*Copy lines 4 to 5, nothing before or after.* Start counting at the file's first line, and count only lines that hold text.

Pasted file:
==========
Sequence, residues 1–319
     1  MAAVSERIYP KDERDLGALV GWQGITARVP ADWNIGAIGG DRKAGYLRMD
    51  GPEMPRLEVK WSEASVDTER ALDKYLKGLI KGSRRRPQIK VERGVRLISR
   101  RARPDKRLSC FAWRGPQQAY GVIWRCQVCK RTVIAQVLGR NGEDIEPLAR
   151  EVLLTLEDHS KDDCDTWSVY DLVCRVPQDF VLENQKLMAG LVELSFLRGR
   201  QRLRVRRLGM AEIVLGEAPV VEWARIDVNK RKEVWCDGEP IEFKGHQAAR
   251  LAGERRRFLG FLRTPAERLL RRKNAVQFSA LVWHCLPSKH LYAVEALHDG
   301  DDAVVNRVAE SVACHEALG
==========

   101  RARPDKRLSC FAWRGPQQAY GVIWRCQVCK RTVIAQVLGR NGEDIEPLAR
   151  EVLLTLEDHS KDDCDTWSVY DLVCRVPQDF VLENQKLMAG LVELSFLRGR